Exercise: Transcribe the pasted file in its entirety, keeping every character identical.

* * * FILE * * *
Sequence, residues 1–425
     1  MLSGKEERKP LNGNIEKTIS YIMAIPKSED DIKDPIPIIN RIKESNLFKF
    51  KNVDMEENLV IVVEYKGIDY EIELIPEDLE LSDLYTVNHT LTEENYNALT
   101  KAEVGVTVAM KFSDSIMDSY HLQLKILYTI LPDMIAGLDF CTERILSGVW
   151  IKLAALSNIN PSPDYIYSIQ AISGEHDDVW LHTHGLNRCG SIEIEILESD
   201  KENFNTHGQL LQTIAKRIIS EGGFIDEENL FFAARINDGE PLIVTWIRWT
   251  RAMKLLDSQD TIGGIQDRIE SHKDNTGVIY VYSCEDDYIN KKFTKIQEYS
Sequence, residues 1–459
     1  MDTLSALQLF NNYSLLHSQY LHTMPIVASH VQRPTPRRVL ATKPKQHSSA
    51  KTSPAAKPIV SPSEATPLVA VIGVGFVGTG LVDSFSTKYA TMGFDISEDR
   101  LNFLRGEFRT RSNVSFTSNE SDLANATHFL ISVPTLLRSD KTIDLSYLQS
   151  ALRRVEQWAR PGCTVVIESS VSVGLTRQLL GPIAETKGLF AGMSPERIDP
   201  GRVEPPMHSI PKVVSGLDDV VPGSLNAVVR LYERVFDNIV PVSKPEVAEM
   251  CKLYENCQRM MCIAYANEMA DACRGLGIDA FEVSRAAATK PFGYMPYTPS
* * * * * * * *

Sequence, residues 1–425
     1  MLSGKEERKP LNGNIEKTIS YIMAIPKSED DIKDPIPIIN RIKESNLFKF
    51  KNVDMEENLV IVVEYKGIDY EIELIPEDLE LSDLYTVNHT LTEENYNALT
   101  KAEVGVTVAM KFSDSIMDSY HLQLKILYTI LPDMIAGLDF CTERILSGVW
   151  IKLAALSNIN PSPDYIYSIQ AISGEHDDVW LHTHGLNRCG SIEIEILESD
   201  KENFNTHGQL LQTIAKRIIS EGGFIDEENL FFAARINDGE PLIVTWIRWT
   251  RAMKLLDSQD TIGGIQDRIE SHKDNTGVIY VYSCEDDYIN KKFTKIQEYS
Sequence, residues 1–459
     1  MDTLSALQLF NNYSLLHSQY LHTMPIVASH VQRPTPRRVL ATKPKQHSSA
    51  KTSPAAKPIV SPSEATPLVA VIGVGFVGTG LVDSFSTKYA TMGFDISEDR
   101  LNFLRGEFRT RSNVSFTSNE SDLANATHFL ISVPTLLRSD KTIDLSYLQS
   151  ALRRVEQWAR PGCTVVIESS VSVGLTRQLL GPIAETKGLF AGMSPERIDP
   201  GRVEPPMHSI PKVVSGLDDV VPGSLNAVVR LYERVFDNIV PVSKPEVAEM
   251  CKLYENCQRM MCIAYANEMA DACRGLGIDA FEVSRAAATK PFGYMPYTPS